JONESBORO — Jonesboro voters chose a mix of experience and freshness in their election Monday.
The voters re-elected Mayor Pro Tem Pat Sebo and picked Billy Powell and Jack Bruce to serve on the council for the next four years.
The election marks a change for Jonesboro, which will lose two council members, Clarence Mann and Joe Compton, who chose not to seek re-election this year. That guaranteed at least two seats would be occupied by newcomers.
In the end, the voters decided to bring back Powell, who briefly served on the council from 2007 until 2011, and to bring in Bruce, who is a political newcomer but regularly attends council meetings. Powell led the field with 127 votes, followed by Bruce and Sebo with 116 votes each. Former Councilwoman Linda Wenz rounded out the field with 87 votes.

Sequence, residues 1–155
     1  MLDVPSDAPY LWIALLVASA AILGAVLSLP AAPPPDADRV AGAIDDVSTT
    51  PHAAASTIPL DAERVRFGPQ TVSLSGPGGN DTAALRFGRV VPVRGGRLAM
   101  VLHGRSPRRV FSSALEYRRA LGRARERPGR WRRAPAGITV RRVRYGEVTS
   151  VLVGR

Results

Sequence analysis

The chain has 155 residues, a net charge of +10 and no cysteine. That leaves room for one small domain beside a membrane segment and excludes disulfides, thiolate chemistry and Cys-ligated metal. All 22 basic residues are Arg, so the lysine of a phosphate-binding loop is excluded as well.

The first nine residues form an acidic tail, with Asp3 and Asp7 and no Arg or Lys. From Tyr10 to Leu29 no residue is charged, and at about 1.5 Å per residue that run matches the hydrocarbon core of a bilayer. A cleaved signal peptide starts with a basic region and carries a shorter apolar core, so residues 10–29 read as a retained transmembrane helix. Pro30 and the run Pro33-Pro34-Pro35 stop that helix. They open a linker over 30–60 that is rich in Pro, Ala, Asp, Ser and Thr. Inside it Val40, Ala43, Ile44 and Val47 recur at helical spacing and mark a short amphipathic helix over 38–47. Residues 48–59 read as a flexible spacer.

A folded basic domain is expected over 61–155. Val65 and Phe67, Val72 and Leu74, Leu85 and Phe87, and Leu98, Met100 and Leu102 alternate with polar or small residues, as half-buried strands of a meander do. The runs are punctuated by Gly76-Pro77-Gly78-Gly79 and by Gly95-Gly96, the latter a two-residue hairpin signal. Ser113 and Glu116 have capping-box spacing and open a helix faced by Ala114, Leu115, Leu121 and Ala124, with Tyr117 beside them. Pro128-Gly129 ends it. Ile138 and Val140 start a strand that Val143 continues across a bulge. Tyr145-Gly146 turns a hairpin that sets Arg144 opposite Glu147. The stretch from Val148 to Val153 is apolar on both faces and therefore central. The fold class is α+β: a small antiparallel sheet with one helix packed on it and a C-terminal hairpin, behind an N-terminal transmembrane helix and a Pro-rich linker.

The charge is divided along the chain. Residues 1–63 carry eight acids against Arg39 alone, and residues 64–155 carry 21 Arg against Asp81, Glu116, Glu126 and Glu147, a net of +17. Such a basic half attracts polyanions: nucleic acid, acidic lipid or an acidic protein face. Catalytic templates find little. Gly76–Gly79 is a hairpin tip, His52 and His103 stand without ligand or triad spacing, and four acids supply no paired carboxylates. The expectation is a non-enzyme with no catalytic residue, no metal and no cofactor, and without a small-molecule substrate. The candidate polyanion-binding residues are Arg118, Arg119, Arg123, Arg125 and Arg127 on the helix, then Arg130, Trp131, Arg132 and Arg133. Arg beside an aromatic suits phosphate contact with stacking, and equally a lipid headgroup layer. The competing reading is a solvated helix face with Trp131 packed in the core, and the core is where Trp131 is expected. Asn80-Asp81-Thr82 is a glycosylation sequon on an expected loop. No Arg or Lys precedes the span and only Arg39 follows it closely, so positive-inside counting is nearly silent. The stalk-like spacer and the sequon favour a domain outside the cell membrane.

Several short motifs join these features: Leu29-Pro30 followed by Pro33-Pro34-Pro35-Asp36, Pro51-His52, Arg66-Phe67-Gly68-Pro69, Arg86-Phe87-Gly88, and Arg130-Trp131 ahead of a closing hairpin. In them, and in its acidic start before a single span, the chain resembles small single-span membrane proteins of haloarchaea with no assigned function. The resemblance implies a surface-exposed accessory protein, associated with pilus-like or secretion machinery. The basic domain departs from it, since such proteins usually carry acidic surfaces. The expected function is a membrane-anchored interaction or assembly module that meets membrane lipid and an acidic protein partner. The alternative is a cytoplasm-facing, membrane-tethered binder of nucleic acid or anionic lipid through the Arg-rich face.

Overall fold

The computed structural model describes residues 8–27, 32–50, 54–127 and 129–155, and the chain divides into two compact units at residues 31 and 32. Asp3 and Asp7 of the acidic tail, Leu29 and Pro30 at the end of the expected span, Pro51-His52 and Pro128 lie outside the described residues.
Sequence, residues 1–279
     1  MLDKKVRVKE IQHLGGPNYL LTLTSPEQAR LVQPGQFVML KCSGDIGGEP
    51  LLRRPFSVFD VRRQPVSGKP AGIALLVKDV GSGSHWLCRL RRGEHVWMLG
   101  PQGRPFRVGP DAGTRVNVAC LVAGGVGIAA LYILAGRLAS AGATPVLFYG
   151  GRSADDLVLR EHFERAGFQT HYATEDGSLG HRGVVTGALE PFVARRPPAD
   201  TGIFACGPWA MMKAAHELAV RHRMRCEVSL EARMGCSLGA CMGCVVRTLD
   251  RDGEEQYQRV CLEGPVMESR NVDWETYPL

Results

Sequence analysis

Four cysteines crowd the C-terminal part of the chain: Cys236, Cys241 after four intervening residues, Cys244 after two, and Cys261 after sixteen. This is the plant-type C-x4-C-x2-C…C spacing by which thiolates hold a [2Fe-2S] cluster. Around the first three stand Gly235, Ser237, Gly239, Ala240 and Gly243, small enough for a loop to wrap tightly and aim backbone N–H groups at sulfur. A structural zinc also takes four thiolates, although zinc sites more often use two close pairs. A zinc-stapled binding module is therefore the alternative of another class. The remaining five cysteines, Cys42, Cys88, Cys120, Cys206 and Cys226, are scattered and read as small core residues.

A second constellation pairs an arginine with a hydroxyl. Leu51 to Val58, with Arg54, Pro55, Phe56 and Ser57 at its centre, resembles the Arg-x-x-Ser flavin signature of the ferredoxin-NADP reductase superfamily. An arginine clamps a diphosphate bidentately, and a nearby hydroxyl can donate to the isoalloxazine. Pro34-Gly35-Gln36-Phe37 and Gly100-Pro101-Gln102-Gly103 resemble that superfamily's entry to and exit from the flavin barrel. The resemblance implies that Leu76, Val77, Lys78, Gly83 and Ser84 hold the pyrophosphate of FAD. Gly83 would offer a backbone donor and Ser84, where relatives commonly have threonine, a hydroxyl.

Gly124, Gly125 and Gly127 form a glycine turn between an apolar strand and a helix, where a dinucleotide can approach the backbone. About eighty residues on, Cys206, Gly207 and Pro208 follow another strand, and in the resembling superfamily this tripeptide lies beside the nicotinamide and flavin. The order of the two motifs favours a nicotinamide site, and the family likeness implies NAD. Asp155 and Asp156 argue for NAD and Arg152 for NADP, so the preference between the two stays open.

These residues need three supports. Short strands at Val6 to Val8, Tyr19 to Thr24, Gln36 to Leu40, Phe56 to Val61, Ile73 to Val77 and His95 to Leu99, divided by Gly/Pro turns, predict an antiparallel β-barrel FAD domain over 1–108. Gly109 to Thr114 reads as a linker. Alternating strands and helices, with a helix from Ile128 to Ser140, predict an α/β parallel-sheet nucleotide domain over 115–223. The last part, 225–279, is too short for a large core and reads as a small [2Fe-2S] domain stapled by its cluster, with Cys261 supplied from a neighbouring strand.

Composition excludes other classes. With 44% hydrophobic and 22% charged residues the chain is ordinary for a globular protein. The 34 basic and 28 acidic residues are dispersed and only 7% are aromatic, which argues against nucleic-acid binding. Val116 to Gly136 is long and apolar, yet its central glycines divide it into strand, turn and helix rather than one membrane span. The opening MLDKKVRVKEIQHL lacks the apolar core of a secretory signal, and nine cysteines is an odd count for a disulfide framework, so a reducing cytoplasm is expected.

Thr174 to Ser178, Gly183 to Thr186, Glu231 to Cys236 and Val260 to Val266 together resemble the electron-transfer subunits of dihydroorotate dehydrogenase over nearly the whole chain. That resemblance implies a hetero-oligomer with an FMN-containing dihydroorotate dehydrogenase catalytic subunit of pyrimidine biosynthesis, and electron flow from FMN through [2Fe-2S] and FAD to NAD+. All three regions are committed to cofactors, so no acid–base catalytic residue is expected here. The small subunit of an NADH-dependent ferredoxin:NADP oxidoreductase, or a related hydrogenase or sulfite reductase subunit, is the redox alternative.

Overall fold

Jonesboro council members are elected at large, so the top three vote-getters win the council seats.
One of the first issues the new council will have to deal with in January is the renovation of Lee Street Park. Although the council is expected to vote next week to approve an overall plan for the park’s renovations, that plan only gives planners basic ideas about where items will be placed in the park.
Mayor Joy Day told residents Monday that the city will have to get down and dirty in the process of picking specific design elements for the park. That process will likely carry over into 2014.
The council will also have to decide whether to continue pursuing a referendum on lowering Jonesboro’s homestead exemption from $60,000 to $10,000, which is a battle the city has been having with local legislators for three years.
Officials said they needed to lower the exemption because property values had fallen to the point where no residents had to pay the city’s property tax. That put the burden of the tax on business owners, officials have repeatedly said.
However, the city was met with a sluggish response with the Clayton County Legislative Delegation. Although state Rep. Mike Glanton (D-Jonesboro) introduced legislation calling for the referendum when the council requested it, other legislators in the delegation were hesitant to sign on to it.
That slowed the legislation’s progress and it ultimately stalled in the state Senate.